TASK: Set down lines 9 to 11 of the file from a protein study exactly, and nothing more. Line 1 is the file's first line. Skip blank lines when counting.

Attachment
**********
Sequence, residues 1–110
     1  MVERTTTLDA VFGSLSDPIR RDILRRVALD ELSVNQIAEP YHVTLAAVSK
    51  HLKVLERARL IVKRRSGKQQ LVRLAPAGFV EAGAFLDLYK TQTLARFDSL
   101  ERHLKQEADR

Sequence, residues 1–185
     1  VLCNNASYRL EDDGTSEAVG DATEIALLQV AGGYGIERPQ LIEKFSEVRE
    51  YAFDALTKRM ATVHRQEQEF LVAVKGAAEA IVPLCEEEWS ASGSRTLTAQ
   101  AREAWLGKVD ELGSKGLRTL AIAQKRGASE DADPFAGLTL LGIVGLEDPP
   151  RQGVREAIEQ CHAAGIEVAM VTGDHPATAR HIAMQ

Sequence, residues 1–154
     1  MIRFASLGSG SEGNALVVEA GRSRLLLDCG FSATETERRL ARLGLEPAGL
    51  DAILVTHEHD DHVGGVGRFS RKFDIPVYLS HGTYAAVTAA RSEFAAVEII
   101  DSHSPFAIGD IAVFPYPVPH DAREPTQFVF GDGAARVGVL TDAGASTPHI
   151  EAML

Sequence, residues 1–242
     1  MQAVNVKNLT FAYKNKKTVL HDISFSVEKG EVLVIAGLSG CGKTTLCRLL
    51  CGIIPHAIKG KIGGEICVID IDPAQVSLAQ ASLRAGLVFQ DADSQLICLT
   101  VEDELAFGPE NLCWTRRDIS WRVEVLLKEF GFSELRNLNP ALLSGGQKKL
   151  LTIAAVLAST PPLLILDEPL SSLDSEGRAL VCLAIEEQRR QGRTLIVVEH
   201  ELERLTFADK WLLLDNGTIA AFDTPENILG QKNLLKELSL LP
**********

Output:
   151  RQGVREAIEQ CHAAGIEVAM VTGDHPATAR HIAMQ

Sequence, residues 1–154
     1  MIRFASLGSG SEGNALVVEA GRSRLLLDCG FSATETERRL ARLGLEPAGL